New Brunswick's 'quiet' soldier honoured in Heritage Minute
Archie MacNaughton 'symbolic of all those who just, without question, went over and risked their lives'
A new Heritage Minute honours the wartime contributions of New Brunswick's storied North Shore Regiment just in time for the 75th anniversary of the D-Day landings in Normandy.
The short film, by Historica Canada, focuses on the story of Maj. Archie MacNaughton, a Black River Bridge farmer who twice left home and family to serve in battle — first as an enlisted man in the Great War and then again as a commissioned officer in the Second World War.
He was killed in action while leading "A" Company of the North Shore Regiment during the June 6, 1944, invasion by Allied forces of Normandy.
Historica Canada president Anthony Wilson-Smith calls MacNaughton the prototypical "quiet Canadian" who was prepared to do whatever it took for king, country and family.
He was a person who by no means had to go to war.- Anthony Wilson-Smith, Historica Canada president
"He was, to me, symbolic of all those who just, without question, went over and risked their lives," Wilson-Smith said.
Past Heritage Minutes, often-nostalgic history videos that are about 60 seconds long and are shown online and on television, have featured well-known Canadian heroes, including Sir John A. Macdonald, Viola Desmond and Terry Fox.
This time, Historica Canada wanted a less well-known story. And it found everything it needed in the North Shore Regiment and Archie MacNaughton.
'He had to go'
"He was a person who by no means had to go to war," said Wilson-Smith.
"He was a World War I veteran. He was in his forties. The maximum age you could sign up was 45. He was 43 when he went. He had a wife and children at home. He was a farmer and everyone depended on him. But when his country called, he had to go."
MacNaughton enlisted during the First World War in 1915 at 19 and saw action in Belgium and France. He survived the experience to return home in 1919 to work the family farm in the Miramichi area.
He married and had two children with his wife, Grace.
But MacNaughton kept up his military training by joining the local militia. His leadership and good nature endeared him to the younger men he trained with.
When war called again in 1939, he was ready to answer. He enlisted as an officer and travelled with the North Shore Regiment to England.
A role to play
"I think it was very much a sense of obligation to the men," said Barry MacKenzie, a St. Francis Xavier University historian.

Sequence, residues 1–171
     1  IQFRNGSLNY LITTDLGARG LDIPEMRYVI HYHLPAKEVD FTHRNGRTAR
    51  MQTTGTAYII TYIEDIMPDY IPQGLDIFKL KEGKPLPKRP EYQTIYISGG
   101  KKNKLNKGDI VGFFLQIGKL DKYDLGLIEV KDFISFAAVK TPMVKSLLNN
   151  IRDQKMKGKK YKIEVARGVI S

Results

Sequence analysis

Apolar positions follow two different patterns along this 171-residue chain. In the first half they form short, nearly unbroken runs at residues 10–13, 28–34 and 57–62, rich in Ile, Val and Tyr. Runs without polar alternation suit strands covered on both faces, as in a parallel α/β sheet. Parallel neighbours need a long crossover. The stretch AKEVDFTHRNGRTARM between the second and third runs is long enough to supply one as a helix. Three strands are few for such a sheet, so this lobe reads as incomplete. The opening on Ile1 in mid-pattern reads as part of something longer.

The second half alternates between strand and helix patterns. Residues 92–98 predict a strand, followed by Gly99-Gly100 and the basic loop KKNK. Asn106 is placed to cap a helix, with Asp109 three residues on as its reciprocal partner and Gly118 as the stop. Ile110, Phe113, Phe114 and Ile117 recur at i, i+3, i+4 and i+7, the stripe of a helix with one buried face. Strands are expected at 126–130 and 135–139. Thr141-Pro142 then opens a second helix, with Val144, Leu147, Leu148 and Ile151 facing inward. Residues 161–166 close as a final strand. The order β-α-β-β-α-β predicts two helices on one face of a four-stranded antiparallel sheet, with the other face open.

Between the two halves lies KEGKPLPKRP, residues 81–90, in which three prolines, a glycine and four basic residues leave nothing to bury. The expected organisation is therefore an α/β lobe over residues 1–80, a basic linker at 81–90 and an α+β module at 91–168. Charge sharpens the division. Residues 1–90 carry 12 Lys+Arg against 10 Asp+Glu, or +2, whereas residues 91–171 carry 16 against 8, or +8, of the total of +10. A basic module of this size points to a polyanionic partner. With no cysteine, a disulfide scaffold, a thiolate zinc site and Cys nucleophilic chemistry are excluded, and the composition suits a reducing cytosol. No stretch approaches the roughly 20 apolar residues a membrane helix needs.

"He enlisted a second time because he thought he had a role to play there. He had trained them, and he had a duty to see this out rather than to retire, which he could have done."
Instead, MacNaughton led his men through training, earning their respect and affection.
His entire company took up a collection and gave him a gift of five pounds (more than $450 Cdn today) and a letter declaring: "We will always remember you as a commander who we trusted as a leader and who was a friend and father to us when we needed help and guidance."
MacNaughton's daughter Margie remembers vividly her father's departure. She was six years old, and her father insisted the family sit for a formal photograph before he left.
She also remembers her mother's dread at watching her husband go off to war again.
"My mother always said, no person can go through two wars and survive."
MacNaughton was killed by enemy gunfire shortly after leading his company off the exposed beach and into the nearby village of Tailleville.
One of the men who served under MacNaughton that day was radio operator Bill Savage. He was also hit by German gunfire, but was behind his commanding officer, who took the brunt of the bullets.
'He owed it to his country'
Savage's grandson Brandon is a history teacher in Miramichi, a fact he credits to his grandfather telling him the story of Archie McNaughton.
"There is so much trauma that occurs in war," said Brendan.
"And [Archie] experienced that in the First World War. He knew what he was getting into, he knew how bad it was going to be. Yet he owed it to his country, he owed it to his regiment and to his boys to see them through. And that to me is a level of dedication to a nation that is incredible."
Archie MacNaughton was 47 when he was killed, leaving behind his wife Grace, son Frances and daughter Margaret.
He is buried in the Bény-sur-Mer Canadian War Cemetery in France. The soldiers in New Brunswick's North Shore Regiment were among 14,000 from Canada who took part in the D-Day landings.